Tuesday, June 18, 2019

Gold Mines & Mail-order Brides

Throughout the history of the USA, it seems that booms and brides have gone hand in hand. As my husband and I have toured the amazing state of Alaska this past month, this has become evident in many ways.
One of the last places we stopped was Kennecott Copper Mill in the St. Elias/Wrangell Mountain National Park to tour this historic site. At one time this mill was home to over five-hundred miners. The mill boasted a hospital, mess hall, recreation center, and housing for married management level staff. There were generally no more than twenty women on the mill premises at any one time. Needless to say, miners were not housed in the same area as the women. Actually, most of the miners lived up in the mountains in the mines themselves. However, less than five miles down the road was the town of McCarthy, where things were a little different. Along with a hotel, general store, and hospital of its own a small red-light district did exist.

Touring the Kennecott area was interesting in many ways. One thing that struck you right away about the town and mill was that all but two buildings in the entire town were painted red. Apparently red, lead-based paint was the cheapest paint to be had so all of the buildings save for the owner/managers home on Silk-stocking row -named because women there could afford such niceties- was painted white. This all red paint scheme did get modified just a tad at one point after a few drunken men stumbled into the nurse's quarters one night on a trip back from McCarthy. The nurse's housing was promptly painted white, and this unfortunate 'mistake' never occurred again.

Another sideline for McCarthy was that the primary source of income for most people in town was the making and manufacturing of alcohol. This became a bit of a boom in the 1920s with prohibition laws taking effect. Needless to say, enforcing these 'dry' laws on the massive territory of Alaska was no easy task. To counter the effect of frequent or infrequent visits from the U.S. Marshalls trying to stop the illegal liquor, the train would blow a special whistle to let the town residence know the law was on board. Marshalls were generally disappointed to find that the town was clean and dry upon arrival.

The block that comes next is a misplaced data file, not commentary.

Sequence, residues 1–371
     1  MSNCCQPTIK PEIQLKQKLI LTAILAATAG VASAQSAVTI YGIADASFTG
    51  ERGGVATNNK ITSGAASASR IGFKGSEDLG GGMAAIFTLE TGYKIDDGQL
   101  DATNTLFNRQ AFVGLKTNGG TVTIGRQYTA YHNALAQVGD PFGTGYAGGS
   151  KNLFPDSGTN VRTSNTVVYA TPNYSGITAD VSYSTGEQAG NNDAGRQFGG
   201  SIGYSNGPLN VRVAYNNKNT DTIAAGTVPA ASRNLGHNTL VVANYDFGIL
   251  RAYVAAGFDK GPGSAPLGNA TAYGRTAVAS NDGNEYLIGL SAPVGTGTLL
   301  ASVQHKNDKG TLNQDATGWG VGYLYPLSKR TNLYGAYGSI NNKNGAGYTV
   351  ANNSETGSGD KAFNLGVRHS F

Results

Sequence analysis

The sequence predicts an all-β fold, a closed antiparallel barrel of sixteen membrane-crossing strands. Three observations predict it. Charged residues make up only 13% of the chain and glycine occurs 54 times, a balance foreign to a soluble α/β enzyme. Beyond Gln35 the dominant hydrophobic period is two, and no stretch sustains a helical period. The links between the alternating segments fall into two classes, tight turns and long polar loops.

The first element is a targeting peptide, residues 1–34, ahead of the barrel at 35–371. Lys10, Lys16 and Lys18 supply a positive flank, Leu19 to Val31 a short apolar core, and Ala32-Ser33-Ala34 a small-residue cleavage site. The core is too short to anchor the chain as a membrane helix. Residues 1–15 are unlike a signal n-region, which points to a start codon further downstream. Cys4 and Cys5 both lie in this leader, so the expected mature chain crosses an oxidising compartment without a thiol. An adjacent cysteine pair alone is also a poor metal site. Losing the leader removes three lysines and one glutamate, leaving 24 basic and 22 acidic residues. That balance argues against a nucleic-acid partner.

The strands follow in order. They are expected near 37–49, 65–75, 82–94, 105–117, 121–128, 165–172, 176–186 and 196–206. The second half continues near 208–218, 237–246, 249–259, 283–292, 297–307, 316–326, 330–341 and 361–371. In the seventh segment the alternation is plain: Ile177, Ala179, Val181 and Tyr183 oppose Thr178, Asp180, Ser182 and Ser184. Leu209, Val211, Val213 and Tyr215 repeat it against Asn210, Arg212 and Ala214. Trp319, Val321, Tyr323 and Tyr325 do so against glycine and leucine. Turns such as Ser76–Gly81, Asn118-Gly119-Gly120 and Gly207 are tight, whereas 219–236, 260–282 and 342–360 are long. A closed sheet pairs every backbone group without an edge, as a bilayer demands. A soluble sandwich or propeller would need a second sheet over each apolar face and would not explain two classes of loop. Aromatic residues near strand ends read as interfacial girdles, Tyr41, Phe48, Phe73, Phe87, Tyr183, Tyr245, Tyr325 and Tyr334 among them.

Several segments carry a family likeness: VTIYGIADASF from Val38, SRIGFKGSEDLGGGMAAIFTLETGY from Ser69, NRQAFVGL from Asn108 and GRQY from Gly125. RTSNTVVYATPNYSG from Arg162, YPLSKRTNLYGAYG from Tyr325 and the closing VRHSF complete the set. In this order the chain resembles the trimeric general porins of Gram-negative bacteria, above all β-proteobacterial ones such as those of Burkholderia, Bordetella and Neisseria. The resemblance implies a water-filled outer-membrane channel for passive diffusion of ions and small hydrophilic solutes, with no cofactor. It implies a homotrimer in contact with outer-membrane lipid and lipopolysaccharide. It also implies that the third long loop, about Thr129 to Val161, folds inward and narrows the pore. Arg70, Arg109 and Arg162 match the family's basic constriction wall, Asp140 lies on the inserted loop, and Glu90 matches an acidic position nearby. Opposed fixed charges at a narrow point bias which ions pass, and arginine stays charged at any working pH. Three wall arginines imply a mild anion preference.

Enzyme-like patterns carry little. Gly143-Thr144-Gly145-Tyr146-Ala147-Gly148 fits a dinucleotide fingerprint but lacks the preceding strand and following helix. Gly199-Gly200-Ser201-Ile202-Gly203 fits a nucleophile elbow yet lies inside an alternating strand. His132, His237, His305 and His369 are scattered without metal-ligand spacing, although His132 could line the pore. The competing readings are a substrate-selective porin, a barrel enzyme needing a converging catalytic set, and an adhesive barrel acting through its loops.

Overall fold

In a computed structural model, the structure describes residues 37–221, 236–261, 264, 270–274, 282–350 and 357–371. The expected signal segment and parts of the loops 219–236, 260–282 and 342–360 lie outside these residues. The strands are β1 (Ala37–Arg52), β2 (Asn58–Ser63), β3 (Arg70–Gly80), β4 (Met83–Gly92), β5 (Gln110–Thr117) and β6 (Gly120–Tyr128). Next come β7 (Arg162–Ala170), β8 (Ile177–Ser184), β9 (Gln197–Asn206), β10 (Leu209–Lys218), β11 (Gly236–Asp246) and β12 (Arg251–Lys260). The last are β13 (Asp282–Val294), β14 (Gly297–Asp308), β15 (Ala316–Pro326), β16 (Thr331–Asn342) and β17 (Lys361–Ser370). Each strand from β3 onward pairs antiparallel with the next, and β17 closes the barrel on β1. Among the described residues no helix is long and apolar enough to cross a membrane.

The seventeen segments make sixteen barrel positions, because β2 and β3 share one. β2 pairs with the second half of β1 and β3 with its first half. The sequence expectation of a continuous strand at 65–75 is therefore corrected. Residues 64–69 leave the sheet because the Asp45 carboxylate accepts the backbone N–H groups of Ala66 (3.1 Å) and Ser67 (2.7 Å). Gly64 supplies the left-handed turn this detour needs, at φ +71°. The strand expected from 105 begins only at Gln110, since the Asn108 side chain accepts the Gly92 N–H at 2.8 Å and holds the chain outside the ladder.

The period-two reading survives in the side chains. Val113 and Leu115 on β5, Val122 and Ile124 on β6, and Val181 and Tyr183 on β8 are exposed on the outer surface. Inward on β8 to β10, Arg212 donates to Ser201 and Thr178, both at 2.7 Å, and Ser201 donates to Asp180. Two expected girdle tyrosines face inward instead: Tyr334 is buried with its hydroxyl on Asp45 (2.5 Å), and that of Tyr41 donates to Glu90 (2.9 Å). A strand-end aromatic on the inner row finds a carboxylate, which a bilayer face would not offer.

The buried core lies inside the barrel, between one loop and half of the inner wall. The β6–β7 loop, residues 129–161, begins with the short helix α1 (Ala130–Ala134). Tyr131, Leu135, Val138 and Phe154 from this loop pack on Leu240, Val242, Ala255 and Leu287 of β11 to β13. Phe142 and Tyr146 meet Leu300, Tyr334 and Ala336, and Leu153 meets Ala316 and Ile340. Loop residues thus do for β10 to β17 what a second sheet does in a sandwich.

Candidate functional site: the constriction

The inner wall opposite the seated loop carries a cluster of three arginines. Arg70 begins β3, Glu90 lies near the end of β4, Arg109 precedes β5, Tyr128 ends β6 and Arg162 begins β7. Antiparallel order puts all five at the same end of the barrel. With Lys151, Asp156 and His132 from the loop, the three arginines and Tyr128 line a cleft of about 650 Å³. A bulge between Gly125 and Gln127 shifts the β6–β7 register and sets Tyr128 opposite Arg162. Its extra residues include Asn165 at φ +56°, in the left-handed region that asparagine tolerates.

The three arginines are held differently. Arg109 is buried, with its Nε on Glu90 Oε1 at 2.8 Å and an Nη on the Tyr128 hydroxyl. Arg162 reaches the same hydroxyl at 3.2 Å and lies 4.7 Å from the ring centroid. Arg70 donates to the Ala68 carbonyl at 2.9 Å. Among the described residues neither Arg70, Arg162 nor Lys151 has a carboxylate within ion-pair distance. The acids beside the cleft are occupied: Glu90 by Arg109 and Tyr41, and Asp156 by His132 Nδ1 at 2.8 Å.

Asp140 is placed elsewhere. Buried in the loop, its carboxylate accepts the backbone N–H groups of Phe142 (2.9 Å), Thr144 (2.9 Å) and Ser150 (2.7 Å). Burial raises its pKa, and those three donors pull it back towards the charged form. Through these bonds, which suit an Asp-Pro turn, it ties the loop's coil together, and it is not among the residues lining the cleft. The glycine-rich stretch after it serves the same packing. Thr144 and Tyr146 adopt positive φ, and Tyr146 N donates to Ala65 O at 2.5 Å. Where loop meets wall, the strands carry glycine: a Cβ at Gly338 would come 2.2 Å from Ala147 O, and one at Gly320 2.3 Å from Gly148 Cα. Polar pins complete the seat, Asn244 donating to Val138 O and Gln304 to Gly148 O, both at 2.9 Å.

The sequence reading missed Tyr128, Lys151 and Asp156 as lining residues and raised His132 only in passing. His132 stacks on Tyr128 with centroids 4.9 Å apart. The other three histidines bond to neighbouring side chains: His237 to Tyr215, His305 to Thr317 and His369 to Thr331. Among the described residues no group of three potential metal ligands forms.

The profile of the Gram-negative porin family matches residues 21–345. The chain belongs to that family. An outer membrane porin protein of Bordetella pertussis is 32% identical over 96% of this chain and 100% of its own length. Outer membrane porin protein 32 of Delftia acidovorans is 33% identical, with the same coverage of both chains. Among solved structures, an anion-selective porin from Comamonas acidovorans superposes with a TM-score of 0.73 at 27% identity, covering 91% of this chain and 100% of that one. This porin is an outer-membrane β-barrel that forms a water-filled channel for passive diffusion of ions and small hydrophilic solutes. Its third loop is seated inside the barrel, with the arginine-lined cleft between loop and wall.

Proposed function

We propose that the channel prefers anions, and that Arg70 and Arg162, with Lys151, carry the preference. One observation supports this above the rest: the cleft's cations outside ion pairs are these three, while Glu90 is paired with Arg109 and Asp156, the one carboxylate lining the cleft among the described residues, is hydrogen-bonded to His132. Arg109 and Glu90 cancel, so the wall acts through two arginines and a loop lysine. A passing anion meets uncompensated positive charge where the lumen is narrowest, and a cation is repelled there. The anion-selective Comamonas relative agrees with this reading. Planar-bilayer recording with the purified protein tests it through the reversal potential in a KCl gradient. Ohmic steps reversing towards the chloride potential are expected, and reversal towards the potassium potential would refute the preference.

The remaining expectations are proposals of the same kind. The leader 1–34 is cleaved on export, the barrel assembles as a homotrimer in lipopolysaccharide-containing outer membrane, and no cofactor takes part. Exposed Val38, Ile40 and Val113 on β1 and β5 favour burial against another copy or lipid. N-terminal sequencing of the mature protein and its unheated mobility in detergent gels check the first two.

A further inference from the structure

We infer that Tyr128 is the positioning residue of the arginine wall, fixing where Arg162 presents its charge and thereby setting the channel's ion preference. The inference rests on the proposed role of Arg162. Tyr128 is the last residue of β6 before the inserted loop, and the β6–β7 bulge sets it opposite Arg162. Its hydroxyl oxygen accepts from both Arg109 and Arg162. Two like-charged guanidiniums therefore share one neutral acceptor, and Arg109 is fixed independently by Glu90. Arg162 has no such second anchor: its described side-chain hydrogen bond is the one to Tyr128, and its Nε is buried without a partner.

Although I don't go into details about the darker sides of frontier life in my writing there has always been the seeder aspect of life on the western frontier, but there were also those willing to offer a helping hand and a forgiving heart to those who wanted a second chance.

In my short novella The Redemption of Rachel, we see how an open heart, and a willingness to accept the broken can lead to a new start in life and a love that passes all understanding.

 Davrum Deeks, the longtime blacksmith of the Broken J Ranch knows there’s a darker side to every town but has seldom been confronted with it. Living far from any real civilization for so long he’s almost forgotten the pain humans can inflict on their own kind. At least until he comes face to face with a fallen woman in a dark alley.
No longer wanted by society's lowest establishments Dusty Ray is left for dead in a cold dark back street in Casper Wyoming and knows she has come to the end of the line. It will only be a matter of time before it’s all over, and she welcomes the relief of death, as she huddles for warmth among the refuse and detritus of a growing town. When two strong hands suddenly grasp and lift her from her mire, she tries to resist but is too weak to fight back as the old man carries her off for his own.
Seeking only to save a forgotten soul, can Deeks uncover the girl who was once called Rachel or will she always retreat behind the granite wall that blocks her off from the rest of the world?

And what about mail-order brides? Many men who had finally grubbed out enough money from mining to at least set up a home would find the wilds of the west a lonely place. With the decimation of the male population in the East after the Civil War and the heavy migration west of men to mine fields, there were a good number of women seeking husbands who could provide for them. In The Bride Herder Series, a failed rancher must find a way to match ten brides to men in his town. My addition to this fun and slightly comedic series will be out in July, so keep your eyes peeled and see how an old West Match Maker could get the job done.
Join the Bride Herder Facebook group and join the fun.

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